Thousands of people wrote or called the governor's office, with a 10-to-one majority opposing the bill, a spokeswoman said.
"I don't think anything has been this extreme until this point," said Bridgette Gomez, a 24-year-old math tutor. "The evil is racial profiling, to think that you're going to always have to show identification. Because I'm tan, I must be illegal."
But supporters of the law, including U.S. Sen. John McCain, R-Ariz., have said it will help solve an illegal immigration crisis the federal government so far has not acted swiftly enough to contain.
"Illegal is illegal," said the bill's sponsor, Republican state Sen. Russell Pearce. "We'll have less crime. We'll have lower taxes. We'll have safer neighborhoods. We'll have shorter lines in the emergency rooms. We'll have smaller classrooms."
An estimated 10.8 million immigrants live illegally in the U.S., according to the most recent Department of Homeland Security figures. About 460,000 live inside Arizona's borders.
Now that the Arizona bill has become law, it likely will face constitutional challenges.
President Obama said he's instructed the Justice Department to "closely monitor" the situation and "examine the civilian rights" and other implications of the legislation.
The Mexican American Legal Defense Fund (MALDEF) and other groups are also preparing to challenge the legislation.
"The Constitution is pretty clear about having one set of rules," said Thomas A. Saenz, general counsel and president of MALDEF. "Now, you have the state of Arizona coming along and creating an obstacle to federally mandated priorities."
Still, state Sen. Pearce, a former deputy in the Maricopa County Sherriff's Office, which is known for cracking down on illegal immigrants, said he's merely trying to enforce law that's already on the books.
"Illegal is not a race. It's a crime. And in Arizona, we're going to enforce the law ... without apologies," he said. "It's just that simple."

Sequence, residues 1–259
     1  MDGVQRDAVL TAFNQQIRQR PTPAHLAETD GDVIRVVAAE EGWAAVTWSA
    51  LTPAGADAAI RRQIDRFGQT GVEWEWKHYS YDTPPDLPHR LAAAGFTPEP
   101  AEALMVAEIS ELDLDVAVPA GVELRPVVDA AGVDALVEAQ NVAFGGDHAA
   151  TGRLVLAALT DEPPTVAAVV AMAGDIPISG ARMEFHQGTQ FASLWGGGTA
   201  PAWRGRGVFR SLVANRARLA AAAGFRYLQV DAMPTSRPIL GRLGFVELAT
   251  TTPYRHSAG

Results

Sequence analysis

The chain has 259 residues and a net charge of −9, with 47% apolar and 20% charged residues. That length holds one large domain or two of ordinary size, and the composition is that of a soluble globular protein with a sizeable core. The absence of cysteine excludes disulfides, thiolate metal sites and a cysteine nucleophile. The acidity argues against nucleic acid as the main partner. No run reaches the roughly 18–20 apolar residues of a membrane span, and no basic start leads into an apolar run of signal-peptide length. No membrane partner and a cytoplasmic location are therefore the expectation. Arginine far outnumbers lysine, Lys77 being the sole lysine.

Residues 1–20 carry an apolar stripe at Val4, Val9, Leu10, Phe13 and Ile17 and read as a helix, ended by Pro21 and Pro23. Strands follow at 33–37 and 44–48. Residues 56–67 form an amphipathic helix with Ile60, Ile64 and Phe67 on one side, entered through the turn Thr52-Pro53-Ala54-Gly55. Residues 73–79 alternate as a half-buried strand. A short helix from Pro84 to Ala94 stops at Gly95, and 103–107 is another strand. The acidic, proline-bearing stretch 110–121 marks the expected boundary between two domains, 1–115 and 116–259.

California attempted to pass a similar measure in 1994 -- Proposition 187 -- that was designed to keep illegal immigrants from using health, education and other social services.
Even though it passed, it was struck down by a federal court on the basis of constitutionality.
Similar legal challenges against Arizona are inevitable, Saenz said, and it will likely end up costing the state millions of dollars.
"Arizona is going to face very serious consequences if it enacts it," Saenz said, comparing it to the experience in California, where the legislation was a "tremendously wasteful diversion of resources."
"There was a palpable impact on international trade to California, in particular," Saenz said. "It became clear over time that Mexican companies began to take their commerce through Texas and other border states because of pervasive hostility."
But it's high time states step up to the plate and do something about illegal immigrants, Pearce said.
"I would think this is a great opportunity to codify states' inherent authority," he said. "We created the federal government. We're in charge. Constitutionally, we have inherent authority. It's time to step up to the plate and start enforcing the law."
This is not the first time Arizona's state laws have come under fire. In 2005, the state made smuggling humans a state crime, and in 2007, it prohibited employers from knowingly hiring illegal immigrants.